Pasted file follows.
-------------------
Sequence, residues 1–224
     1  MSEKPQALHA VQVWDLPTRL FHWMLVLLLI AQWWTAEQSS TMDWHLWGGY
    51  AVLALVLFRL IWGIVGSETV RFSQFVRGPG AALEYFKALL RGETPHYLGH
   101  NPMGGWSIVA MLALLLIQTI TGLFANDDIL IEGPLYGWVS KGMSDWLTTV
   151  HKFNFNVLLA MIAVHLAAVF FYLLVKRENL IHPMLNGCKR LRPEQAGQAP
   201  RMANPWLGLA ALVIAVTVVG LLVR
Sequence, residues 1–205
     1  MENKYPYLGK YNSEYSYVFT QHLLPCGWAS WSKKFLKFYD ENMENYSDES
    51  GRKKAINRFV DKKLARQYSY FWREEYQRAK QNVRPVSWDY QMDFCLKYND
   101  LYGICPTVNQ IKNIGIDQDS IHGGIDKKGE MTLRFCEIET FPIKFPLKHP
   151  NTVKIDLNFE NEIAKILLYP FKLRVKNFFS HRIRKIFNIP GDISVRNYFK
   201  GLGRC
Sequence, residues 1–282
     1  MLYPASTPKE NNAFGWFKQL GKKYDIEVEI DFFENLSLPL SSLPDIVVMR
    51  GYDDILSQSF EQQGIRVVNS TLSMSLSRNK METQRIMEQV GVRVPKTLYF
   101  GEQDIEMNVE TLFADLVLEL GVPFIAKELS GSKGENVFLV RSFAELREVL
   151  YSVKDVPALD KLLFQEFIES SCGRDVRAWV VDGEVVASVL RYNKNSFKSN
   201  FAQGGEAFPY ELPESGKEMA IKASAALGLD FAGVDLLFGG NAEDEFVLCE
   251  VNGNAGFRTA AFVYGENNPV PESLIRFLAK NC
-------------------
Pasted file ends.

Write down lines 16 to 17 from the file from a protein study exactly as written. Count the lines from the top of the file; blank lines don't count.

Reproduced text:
   101  GEQDIEMNVE TLFADLVLEL GVPFIAKELS GSKGENVFLV RSFAELREVL
   151  YSVKDVPALD KLLFQEFIES SCGRDVRAWV VDGEVVASVL RYNKNSFKSN